For instance in many farming communities in some local government areas in Plateau North and Central Senatorial zones where produce such as carrot, cucumber, broccoli, strawberry, sour-sop, lemon, sesame, cabbage, grape, asparagus, hot pepper, soya beans, Irish potatoes, sweet potatoes, acha (hungry rice), maize, green beans, beans, guinea corn, yam, among others are cultivated in commercial quantity, farmers have gory tales to tell of how their investments that ran into millions of naira went down the drain due to herders’ activities. The attacks by herdsmen have adversely affected the prices of such produce in the markets. From Barkin Ladi to Riyom to Bassa, Jos South, Mangu, to Bokkos local government areas, farmers narrated their losses while traders in such produce also lamented the high prices of the commodities.
Vanguard gathered that in the last two months, over 600 farmers have had their farms destroyed not by natural disaster but herders’ activities as some farms had their crops destroyed by cattle while others were either cut down or harvested by the herders.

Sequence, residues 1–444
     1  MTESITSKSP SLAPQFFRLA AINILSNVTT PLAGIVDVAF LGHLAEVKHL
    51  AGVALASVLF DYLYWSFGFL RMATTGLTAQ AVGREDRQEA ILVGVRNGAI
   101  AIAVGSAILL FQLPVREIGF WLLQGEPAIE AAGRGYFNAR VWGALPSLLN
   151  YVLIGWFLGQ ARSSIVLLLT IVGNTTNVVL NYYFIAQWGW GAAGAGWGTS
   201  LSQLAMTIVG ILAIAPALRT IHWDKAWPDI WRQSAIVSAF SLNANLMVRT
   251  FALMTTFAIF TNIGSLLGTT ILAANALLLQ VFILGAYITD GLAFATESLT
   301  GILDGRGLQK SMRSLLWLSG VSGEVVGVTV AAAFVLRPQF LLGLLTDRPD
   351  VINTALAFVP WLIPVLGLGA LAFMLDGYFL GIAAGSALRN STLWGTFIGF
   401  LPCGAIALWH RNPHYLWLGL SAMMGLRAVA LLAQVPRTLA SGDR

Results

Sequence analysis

Moses Choji whose farm was destroyed at Jol, Riyom local government area said, “I was not the only one affected but the entire community because we predominantly farm Irish potatoes, sweet potatoes, maize, soya beans and other crops. Last month, the herdsmen invaded our farms and destroyed the produce. Over 200 people in Jol have had their farms destroyed and my experience is even little compared to what other members of the community went through.”
Another farmer, Dalyop Mwantiri said, “I have a farm measuring about three hectares grown with Maize and sesame crops. I spent not less than N200, 000 in clearing, cultivating, purchase of fertilizer, insecticide, labour and other activities, believing to have a bountiful harvest of approximately N650,000.